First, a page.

Now that we have discussed direct and inverse variation, joint variation will be quite intuitive. We use joint variation when a variable varies with (is proportional to) two or more variables.

Say, x varies directly with y and inversely with z. If y doubles and z becomes half, what happens to x?

“x varies directly with y” implies x/y = k (keeping z constant)

If y doubles, x doubles too.

“x varies inversely with z” implies xz = k (now keeping y constant)

If z becomes half, x doubles.

So the overall effect is that x becomes four times of its initial value.

The joint variation expression in this case will be xz/y = k. Notice that when z is constant, x/y = k and when y is constant, xz = k; hence both conditions are being met. Once you get the expression, it’s very simple to solve for any given conditions.

x1*z1/y1 = x2*z2/y2 = k (In any two instances, xz/y must remain the same)

x1*z1/y1 = x2*(1/2)z1/2*y1

x2 = 4*x1

Let’s look at some more examples. How will you write the joint variation expression in the following cases?

1. x varies directly with y and directly with z.

2. x varies directly with y and y varies inversely with z.

3. x varies inversely with y^2 and inversely with z^3.

4. x varies directly with y^2 and y varies directly with z.

5. x varies directly with y^2, y varies inversely with z and z varies directly with p^3.

Solution: Note that the expression has to satisfy all the conditions.

1. x varies directly with y and directly with z.

x/y = k

x/z = k

Joint variation: x/yz = k

2. x varies directly with y and y varies inversely with z.

x/y = k

yz = k

Joint variation: x/yz = k

3. x varies inversely with y^2 and inversely with z^3.

x*y^2 = k

x*z^3 = k

Joint variation: x*y^2*z^3 = k

4. x varies directly with y^2 and y varies directly with z.

x/y^2 = k

y/z = k which implies that y^2/z^2 = k

Joint variation: x*z^2/y^2 = k

5. x varies directly with y^2, y varies inversely with z and z varies directly with p^3.

x/y^2 = k

yz = k which implies y^2*z^2 = k

z/p^3 = k which implies z^2/p^6 = k

Joint variation: (x*p^6)/(y^2*z^2) = k

Let’s take a GMAT prep question now to see these concepts in action:

Question 1: The rate of a certain chemical reaction is directly proportional to the square of the concentration of chemical M present and inversely proportional to the concentration of chemical N present. If the concentration of chemical N is increased by 100 percent, which of the following is closest to the percent change in the concentration of chemical M required to keep the reaction rate unchanged?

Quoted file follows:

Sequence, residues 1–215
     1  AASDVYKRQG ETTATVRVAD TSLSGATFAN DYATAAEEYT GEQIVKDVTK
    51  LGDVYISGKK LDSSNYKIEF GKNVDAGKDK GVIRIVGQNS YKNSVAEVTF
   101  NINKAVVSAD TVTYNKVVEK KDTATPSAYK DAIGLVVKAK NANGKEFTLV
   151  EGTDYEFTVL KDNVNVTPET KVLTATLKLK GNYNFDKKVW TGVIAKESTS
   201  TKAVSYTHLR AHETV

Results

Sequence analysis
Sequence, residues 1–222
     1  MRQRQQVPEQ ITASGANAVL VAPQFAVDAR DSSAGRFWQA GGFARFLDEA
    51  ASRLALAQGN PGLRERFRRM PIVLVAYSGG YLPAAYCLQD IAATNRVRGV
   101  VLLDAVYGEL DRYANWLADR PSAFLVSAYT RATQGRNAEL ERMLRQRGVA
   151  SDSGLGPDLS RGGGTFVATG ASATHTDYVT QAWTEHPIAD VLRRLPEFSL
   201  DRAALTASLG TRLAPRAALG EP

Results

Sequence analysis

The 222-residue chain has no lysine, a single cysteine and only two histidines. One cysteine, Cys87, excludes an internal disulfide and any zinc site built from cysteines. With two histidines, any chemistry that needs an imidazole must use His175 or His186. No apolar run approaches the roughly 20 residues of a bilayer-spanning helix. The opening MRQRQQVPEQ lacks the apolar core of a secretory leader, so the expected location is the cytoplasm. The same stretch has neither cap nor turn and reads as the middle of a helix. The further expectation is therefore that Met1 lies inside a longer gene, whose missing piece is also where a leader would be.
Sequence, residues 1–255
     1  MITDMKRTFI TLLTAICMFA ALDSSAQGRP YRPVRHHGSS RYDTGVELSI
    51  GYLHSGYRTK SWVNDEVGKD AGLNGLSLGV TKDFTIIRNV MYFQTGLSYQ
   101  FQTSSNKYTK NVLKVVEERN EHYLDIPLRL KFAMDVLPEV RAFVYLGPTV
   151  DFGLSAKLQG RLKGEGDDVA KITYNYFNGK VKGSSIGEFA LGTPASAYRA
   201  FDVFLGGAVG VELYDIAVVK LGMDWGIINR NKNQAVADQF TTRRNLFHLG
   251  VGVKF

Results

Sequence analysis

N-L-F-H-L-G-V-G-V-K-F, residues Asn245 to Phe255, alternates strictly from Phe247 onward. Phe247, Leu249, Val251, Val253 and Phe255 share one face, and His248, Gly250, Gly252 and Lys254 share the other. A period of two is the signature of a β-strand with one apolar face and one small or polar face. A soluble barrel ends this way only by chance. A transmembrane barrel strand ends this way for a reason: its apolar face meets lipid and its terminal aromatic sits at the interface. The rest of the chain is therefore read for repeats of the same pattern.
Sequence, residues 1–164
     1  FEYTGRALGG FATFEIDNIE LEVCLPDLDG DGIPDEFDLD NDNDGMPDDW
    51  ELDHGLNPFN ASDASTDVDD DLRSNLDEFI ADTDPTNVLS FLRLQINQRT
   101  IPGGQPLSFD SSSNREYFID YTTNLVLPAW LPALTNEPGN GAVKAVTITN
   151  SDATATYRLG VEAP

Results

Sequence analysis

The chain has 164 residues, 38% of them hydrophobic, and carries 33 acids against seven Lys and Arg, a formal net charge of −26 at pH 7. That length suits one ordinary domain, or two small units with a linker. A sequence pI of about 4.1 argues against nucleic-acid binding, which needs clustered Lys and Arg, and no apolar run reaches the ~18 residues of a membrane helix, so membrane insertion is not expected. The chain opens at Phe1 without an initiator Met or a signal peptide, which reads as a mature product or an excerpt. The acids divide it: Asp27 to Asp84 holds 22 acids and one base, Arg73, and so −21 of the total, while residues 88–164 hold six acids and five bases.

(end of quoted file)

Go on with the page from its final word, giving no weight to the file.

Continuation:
(A) 100% decrease

(B) 50% decrease

(C) 40% decrease

(D) 40% increase

(E) 50% increase

Solution:

Rate/M^2 = k

Rate*N = k

Rate*N/M^2 = k

If Rate has to remain constant, N/M^2 must remain the same too.

If N is doubled, M^2 must be doubled too i.e. M must become ?2 times. Since ?2 = 1.4 (approximately),

M must increase by 40%.

Answer (D)

Simple enough?

Very good explanation on the topic Karishma!

Thanks!

Karishma, in this problem:

In a certain business, production index p is directly proportional to efficiency index e, which is in turn directly proportional to investment i. What is p if i = 70?

(1) e = 0.5 whenever i = 60

(2) p = 2.0 whenever i = 50

Source: http://gmatclub.com/forum/in-a-certain-business-production-index-p-is-directly-63570.html

Your explanation was:

“production index p is directly proportional to efficiency index e,

implies p = ke (k is the constant of proportionality)

e is in turn directly proportional to investment i

implies e = mi (m is the constant of proportionality. Note here that I haven’t taken the constant of proportionality as k here since the constant above and this constant could be different)

Then, p = kmi (km is the constant of proportionality here. It doesn’t matter that we depict it using two variables. It is still just a number)”

How does this problem differ from the problems in this blog?

I followed the blog solution and arrived at

p/e = k and e/i = k

hence, pi/e = k.

Please advice,

Thanks.

This question is discussed here : http://www.veritasprep.com/blog/2015/06/important-caveat-on-joint-variation-gmat-questions/

I have also discussed why we use different methods in the two cases.

4. x varies directly with y^2 and y varies directly with z.

x/y^2 = k

y/z = k which implies that y^2/z^2 = k

Joint variation: x*z^2/y^2 = k

Shouldn’t it be

x/(y^2 * z^2) = k??

Because if x is directly proportional to y^2 and y^2 is directly proportional to z^2.

This implies x is directly proportional to z^2 and combining them, x is directly proportional to y^2 and z^2.

Check this post: http://www.veritasprep.com/blog/2015/06/important-caveat-on-joint-variation-gmat-questions/

It will answer your question.